Lost on no one was her cash advantage. McBride ended March with $1.9 million in her campaign account, while Young had about $400,000. Labor groups, Democratic groups, and local elected leaders all piled up behind her to lend support and contacts. The LGBTQ donor network opened wide and often for her as well, no surprise given her years of working her networks and those of allies. (Young, the former director of the Delaware State Housing Authority, had the backing of Gov. John Carney and would have been the first Black person to represent Delaware in Congress.) It was also increasingly clear that, if needed, the Biden political machine could be summoned; McBride worked on the campaign of the late Delaware Attorney General Beau Biden and Joe Biden credits McBride for his evolution on LGBTQ rights.

This tracks with other LGBTQ strengths. So-called “pink money” has flowed almost exclusively to Democratic candidates for decades, and deep-pocketed donors quietly fueled races during the 1980s and 1990s, but now are among the loudest champions of pro-equality candidates. Groups like the Victory Fund and the Human Rights Campaign have robust political operations that, beyond endorsements and PAC donations, help bundle millions of dollars in direct giving to chosen candidates. One of the most coveted introductions in politics is a credible insider telling their like-minded friends about the campaign of an upstart like McBride or the hundreds of other LGBTQ contenders running in lesser-known races.

And while the number of LGBTQ elected officials nationwide stands at just shy of 1,300, it’s still a vast jump from where the century began. The tally, from the LGBTQ+ Victory Institute’s annual Out For America survey, includes 12 members of Congress, three Governors, and 62 mayors. But the figures show a pronounced lag for trans pols, which is not surprising given that the constituency inside the LGBTQ coalition often faces the steepest climbs and harshest opposition from critics. And even if she wins this fall, one trans voice among 435 voting members of the House is a step toward representation, but it’s a small one that comes late for the roughly 1.6 million Americans over the age of 13 who identify as transgender.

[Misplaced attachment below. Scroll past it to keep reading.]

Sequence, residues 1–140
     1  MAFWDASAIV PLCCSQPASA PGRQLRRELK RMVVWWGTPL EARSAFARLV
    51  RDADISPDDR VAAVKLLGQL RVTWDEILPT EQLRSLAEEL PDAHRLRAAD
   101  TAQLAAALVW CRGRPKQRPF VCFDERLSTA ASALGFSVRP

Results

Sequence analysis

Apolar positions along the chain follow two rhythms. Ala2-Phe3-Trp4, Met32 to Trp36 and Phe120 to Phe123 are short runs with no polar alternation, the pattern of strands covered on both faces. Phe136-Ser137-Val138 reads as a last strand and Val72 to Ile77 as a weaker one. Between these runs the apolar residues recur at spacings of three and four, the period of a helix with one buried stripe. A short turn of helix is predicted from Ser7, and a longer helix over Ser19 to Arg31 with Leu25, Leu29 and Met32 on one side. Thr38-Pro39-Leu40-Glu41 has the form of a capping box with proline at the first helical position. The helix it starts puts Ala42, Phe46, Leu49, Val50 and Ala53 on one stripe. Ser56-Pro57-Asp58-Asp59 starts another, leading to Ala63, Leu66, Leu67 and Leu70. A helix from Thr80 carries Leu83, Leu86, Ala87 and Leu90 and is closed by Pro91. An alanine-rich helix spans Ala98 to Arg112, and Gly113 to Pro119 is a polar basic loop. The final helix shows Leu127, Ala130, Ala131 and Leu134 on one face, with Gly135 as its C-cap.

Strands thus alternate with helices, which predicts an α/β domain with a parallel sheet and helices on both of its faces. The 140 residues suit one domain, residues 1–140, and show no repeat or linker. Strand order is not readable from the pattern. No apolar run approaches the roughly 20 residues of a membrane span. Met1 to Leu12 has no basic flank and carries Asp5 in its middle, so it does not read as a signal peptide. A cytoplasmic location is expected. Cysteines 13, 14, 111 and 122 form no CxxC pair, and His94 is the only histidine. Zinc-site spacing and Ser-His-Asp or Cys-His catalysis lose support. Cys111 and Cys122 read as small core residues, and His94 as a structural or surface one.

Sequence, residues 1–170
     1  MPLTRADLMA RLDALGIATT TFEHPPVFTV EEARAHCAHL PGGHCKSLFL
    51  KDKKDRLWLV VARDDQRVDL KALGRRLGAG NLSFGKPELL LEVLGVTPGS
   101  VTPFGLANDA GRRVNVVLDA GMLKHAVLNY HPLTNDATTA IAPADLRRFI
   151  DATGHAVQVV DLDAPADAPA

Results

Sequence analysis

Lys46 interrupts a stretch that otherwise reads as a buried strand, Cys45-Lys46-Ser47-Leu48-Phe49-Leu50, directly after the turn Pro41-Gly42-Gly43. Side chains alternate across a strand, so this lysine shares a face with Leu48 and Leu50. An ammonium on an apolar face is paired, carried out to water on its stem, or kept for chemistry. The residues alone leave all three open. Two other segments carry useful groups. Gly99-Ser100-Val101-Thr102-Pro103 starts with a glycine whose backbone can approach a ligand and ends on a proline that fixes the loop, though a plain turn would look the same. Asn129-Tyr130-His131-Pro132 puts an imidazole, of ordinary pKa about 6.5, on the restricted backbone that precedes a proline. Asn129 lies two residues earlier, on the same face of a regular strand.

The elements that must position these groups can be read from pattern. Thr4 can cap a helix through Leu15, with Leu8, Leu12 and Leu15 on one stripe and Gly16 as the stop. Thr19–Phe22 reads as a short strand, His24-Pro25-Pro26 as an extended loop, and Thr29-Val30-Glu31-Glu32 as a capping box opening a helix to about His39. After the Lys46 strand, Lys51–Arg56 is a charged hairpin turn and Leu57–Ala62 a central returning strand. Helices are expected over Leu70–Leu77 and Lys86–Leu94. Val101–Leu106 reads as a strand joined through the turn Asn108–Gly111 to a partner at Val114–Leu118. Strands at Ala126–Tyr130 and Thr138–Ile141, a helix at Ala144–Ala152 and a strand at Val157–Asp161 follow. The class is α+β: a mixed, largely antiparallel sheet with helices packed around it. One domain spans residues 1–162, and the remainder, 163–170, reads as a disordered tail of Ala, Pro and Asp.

Delaware’s lone U.S. House seat is open because its incumbent, Rep. Lisa Blunt Rochester, is seeking the Senate seat being vacated with the retirement of Sen. Tom Carper. Blunt Rochester, too, would make history as the first woman and first person of color to represent Delaware in the Senate. (She’s also a former Carper intern.)

Democrats are widely expected to hold both seats in a state that last elected a Republican to the House in 2008 and to the Senate in 1994. Republicans are not seriously targeting the seats and instead are trying to save their own endangered incumbents who face the tricky task of defending the narrowest House majority in the House on a ticket with former President Donald Trump as the headliner. The path to gavels in either chamber does not run through Delaware.

Oh, and for good measure, Blunt Rochester on Thursday—in an exclusive to TIME—endorsed McBride to replace her. “As Delaware’s Congresswoman, I know what it takes to deliver for our state and that Sarah will hit the ground running as our state’s lone member of the U.S. House,” Blunt Rochester plans to say in a statement later in the day.

McBride is careful not to take the news as a premature victory lap. But she is hardly ignorant of what her arrival signals to Washington and beyond. “I’m going to continue to work my heart out and take nothing for granted,” she says. Democrats are counting on that, and betting her diligence helps them hold a seat that is part of their cornerstone for a potential majority come early next year.